After 40 years of serving over 300,000 clients, law firm Mossack Fonseca shut its doors for good. The Panamanian firm came under scrutiny after hackers exposed 11.5 million of its documents – the infamous Panama Papers – in a 2016 security breach (Read more about the Panama Papers here). While the debacle that followed the hack created a torrent of bad press and a relentless investigation, the mortal blow for Mossack Fonseca was the discovery of the firm's complicity in international tax crimes.
Hackers revealed some of Mossack Fonseca's clients were evading tax obligations by placing money in offshore accounts, which further damaged the firm's reputation. Things unraveled from there; in early 2018, Panamanian government officials investigated Mossack Fonseca after the region's largest engineering company, Oderbrecht, confessed to bribing officials for construction contracts. Though the authorities couldn't prove a connection between the firm and the bribes, they did discover the tax infractions.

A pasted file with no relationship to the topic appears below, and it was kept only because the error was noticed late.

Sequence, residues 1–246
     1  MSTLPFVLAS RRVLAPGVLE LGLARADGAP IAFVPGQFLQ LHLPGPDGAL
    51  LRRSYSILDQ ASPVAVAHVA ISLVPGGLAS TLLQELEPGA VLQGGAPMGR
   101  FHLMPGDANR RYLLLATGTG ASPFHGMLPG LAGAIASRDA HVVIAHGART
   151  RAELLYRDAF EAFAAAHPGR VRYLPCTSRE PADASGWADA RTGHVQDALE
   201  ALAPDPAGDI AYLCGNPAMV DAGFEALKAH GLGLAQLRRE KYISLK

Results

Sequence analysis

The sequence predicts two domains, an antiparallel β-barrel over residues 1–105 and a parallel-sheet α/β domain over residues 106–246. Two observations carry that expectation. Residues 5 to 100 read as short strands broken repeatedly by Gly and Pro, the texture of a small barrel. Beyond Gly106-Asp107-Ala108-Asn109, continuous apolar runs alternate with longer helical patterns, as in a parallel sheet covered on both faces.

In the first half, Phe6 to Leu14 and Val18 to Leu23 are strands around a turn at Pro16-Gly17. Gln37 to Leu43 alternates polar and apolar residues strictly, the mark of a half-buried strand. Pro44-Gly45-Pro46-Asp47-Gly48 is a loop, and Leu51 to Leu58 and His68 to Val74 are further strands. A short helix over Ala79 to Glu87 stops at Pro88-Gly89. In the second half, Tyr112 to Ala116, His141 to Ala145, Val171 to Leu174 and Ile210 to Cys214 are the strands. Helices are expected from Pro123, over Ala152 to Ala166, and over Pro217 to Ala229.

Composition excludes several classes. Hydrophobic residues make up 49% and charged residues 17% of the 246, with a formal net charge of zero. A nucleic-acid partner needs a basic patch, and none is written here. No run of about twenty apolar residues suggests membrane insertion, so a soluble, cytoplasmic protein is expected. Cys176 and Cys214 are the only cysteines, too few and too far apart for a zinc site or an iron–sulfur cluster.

In March 2018, Mossack Fonseca released the following statement: “The ... deterioration [of our reputation], the media campaign, the financial circus, and the unusual actions by certain Panamanian authorities, have occasioned an irreversible damage that necessitates the obligatory ceasing of public operations at the end of the current month.” It also announced that it would retain a small number of employees to comply with government protocol.
Before the Panama Papers, Mossack Fonseca served over 40 countries and placed #4 in the world for offshore services. Only a couple of years after the initial breach, the founders of the firm were charged with money laundering. Mossack Fonseca serves as a prime example of how data breaches can ruin a firm's operations.
A hack's potential damage warrants enough concern for every firm to roll out sound defense strategies. Even though your firm probably isn't in hot water like Mossack Fonseca was, it’s important to implement a thorough set of security measures – including common-sense processes and sophisticated technologies – that defend against cyber threats.
Tools like Abacus Private Cloud can help protect firm and client data in the event of a data breach. AbacusNext provides fully compliant and secure solutions that feature full-spectrum data security protocols.